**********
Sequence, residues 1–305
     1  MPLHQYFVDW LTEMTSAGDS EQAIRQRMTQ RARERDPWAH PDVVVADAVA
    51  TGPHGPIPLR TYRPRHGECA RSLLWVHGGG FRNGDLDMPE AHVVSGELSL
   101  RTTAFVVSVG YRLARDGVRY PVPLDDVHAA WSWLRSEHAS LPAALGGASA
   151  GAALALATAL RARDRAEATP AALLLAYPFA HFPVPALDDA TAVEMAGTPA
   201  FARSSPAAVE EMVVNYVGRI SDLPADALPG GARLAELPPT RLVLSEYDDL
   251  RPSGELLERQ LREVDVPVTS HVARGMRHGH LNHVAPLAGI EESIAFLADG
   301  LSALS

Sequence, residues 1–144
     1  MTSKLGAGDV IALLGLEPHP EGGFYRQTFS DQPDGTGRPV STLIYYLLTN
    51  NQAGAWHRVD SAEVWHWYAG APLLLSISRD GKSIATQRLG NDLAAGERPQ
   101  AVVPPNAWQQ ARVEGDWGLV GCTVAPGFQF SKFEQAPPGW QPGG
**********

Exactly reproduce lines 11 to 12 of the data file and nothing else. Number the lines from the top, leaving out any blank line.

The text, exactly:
    51  NQAGAWHRVD SAEVWHWYAG APLLLSISRD GKSIATQRLG NDLAAGERPQ
   101  AVVPPNAWQQ ARVEGDWGLV GCTVAPGFQF SKFEQAPPGW QPGG